The researchers have found that every polymer banknote has a unique "fingerprint", which is caused by the inevitable imperfection in the physical manufacturing process, whereby the opacity coating, a critical step during the production of polymer notes, leaves an uneven coating layer with a random dispersion of impurities in the ink. This imperfection results in random translucent patterns when a polymer banknote is back-lit by a light source.
Prof. Graham Cormode of the Department of Computer Science has been named among the 2020 Association for Computing Machinery (ACM) Fellows, for contributions to computer science. The ACM is the world's leading learned society for computer science. Prof. Cormode is recognised for his contributions to data summarisation and privacy enabling data management and analysis. His work on data streams and sketching has been widely implemented in many high tech companies and organisations.
EPSRC funding awarded to Prof. Yulan He and Prof. Rob Procter on developing an AI solution for tackling “infodemic”
Prof. Yulan He and Prof. Rob Procter have been awarded funding from the EPSRC under the UKRI’s COVID-19 call. During the COVID-19 pandemic, national and international organisations are using social media and online platforms to communicate information about the virus to the public. However, propagation of misinformation has also become prevalent. This can strongly influence human behaviour and negatively impact public health interventions, so it is vital to detect misinformation in a timely manner. This project aims to develop machine learning algorithms for automatic collection of external evidence relating to COVID-19 and assessment of veracity of claims.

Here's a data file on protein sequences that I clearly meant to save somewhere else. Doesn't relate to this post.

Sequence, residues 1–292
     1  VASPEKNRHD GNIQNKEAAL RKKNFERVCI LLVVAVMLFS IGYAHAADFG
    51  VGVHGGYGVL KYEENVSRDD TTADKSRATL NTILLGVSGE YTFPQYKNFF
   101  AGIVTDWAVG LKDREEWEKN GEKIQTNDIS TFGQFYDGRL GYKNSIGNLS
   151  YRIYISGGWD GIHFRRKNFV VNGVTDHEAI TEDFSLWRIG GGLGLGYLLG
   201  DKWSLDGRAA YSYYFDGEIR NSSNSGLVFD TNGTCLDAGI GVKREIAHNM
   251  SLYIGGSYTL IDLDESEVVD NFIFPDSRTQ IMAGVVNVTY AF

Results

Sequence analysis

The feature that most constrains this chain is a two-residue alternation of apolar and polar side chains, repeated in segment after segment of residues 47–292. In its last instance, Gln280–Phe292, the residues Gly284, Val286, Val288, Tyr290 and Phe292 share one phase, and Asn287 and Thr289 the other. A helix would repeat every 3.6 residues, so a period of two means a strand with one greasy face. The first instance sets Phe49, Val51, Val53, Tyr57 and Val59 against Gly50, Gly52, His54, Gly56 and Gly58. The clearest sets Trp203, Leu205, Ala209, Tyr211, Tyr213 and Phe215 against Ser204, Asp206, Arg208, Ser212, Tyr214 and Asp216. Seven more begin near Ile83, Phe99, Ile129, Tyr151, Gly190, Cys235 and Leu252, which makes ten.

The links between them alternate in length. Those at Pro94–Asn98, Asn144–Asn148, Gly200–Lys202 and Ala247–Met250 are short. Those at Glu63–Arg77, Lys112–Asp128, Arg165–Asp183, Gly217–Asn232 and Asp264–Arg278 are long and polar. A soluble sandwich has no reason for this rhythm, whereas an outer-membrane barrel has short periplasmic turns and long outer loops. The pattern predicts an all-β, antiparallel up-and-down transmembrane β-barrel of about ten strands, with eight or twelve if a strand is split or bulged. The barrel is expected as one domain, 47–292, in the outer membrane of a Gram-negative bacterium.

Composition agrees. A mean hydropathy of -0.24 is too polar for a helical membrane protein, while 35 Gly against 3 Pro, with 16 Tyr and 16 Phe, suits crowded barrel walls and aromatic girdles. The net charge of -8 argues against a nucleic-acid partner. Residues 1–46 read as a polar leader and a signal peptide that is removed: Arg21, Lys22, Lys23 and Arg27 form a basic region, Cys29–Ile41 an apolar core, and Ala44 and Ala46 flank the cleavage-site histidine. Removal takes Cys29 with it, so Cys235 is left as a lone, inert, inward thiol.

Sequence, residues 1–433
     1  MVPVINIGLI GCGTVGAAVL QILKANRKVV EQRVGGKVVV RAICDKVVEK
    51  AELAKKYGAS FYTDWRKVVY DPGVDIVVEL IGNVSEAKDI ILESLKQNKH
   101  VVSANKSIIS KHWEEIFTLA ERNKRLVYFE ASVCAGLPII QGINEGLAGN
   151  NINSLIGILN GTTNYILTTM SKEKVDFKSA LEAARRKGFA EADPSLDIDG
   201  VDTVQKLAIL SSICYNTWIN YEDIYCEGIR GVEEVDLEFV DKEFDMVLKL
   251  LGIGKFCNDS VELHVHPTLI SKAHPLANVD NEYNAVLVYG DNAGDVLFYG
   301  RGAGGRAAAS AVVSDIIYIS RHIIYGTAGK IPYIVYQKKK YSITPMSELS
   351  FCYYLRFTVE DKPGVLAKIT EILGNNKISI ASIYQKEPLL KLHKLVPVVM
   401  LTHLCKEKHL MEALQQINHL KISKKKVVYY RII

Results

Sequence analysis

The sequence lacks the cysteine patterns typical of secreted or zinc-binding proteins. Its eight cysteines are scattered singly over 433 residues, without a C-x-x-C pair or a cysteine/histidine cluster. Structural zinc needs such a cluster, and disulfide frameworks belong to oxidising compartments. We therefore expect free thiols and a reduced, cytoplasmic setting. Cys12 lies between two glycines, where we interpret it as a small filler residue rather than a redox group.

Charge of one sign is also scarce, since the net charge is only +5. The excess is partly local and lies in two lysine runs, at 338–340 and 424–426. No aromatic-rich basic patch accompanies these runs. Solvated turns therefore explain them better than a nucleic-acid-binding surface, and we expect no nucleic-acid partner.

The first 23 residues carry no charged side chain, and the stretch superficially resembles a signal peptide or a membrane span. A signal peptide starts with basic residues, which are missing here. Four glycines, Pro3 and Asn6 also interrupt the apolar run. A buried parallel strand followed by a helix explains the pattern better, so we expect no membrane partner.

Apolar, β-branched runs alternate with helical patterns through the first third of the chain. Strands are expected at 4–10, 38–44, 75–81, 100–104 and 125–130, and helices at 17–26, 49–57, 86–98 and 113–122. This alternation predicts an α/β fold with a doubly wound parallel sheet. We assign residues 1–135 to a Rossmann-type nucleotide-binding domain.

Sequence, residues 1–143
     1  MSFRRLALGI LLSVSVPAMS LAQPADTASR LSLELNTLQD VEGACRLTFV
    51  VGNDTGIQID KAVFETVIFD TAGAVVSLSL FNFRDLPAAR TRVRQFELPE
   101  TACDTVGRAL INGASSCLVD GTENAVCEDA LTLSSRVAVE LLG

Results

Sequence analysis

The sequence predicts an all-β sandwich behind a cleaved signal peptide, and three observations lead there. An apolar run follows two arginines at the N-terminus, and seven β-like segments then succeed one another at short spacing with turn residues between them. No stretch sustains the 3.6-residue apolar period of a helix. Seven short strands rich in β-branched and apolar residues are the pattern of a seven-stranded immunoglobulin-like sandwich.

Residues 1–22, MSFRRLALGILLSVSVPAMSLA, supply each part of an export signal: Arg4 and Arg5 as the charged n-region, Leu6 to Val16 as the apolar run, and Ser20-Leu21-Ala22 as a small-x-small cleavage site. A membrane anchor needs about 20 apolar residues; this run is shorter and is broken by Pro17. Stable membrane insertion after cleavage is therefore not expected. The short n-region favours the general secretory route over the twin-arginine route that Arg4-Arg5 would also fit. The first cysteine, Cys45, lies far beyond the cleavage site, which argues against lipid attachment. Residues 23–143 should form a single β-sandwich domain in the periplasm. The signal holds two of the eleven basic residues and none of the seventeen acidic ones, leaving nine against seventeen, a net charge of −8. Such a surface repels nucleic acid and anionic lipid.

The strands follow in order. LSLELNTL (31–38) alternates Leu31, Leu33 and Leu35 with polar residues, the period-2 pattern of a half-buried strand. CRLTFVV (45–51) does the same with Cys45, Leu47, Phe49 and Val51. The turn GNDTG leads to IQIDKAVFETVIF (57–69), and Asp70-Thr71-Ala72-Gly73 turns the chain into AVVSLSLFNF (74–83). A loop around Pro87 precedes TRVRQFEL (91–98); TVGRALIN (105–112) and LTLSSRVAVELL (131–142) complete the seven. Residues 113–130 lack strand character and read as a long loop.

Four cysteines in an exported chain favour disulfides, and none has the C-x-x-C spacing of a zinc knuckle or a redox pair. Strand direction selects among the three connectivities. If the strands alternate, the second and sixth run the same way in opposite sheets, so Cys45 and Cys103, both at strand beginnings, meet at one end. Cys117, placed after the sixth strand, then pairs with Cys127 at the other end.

WM5G funding awarded to Prof. Hakan Ferhatosmanoglu on machine learning based spatio-temporal forecasting
Warwick's Department of Computer Science has been awarded a new research grant to develop a machine learning solution for dynamic forecasting of available capacity on road networks. The developed software is planned to be integrated within the TfWM's Regional Transport Coordination Centre for adaptive route planning and traffic management mitigation against disruptions, incidents and roadworks.
The “5G Enabled Dynamic Network Capacity Manager” project is in collaboration with commercial partners, Blacc, Immense, one.network, and O2. The team has won the WM5G’s transport competition to leverage 5G networks for near real-time AI based modelling.
Prof. Hakan Ferhatosmanoglu is leading the development of the scalable ML solution to forecast residual capacities in a dynamic spatio-temporal graph. The solution is designed to benefit from high-granular and low-latency data feeds from 5G cellular and sensor data enabling congestion to be accurately monitored, modelled, and predicted.
Suzanne Candanedo, who recently graduated from Computer Systems Engineering at the University of Warwick, has won the UKESF and UltraSoC Automotive Electronics Competition 2020.
The competition requires entrants to produce a 'think piece' about the future of cyber security for connected and autonomous vehicles, written along the lines of a blog post in style rather than a formal essay. You can read Suzy's winning entry here.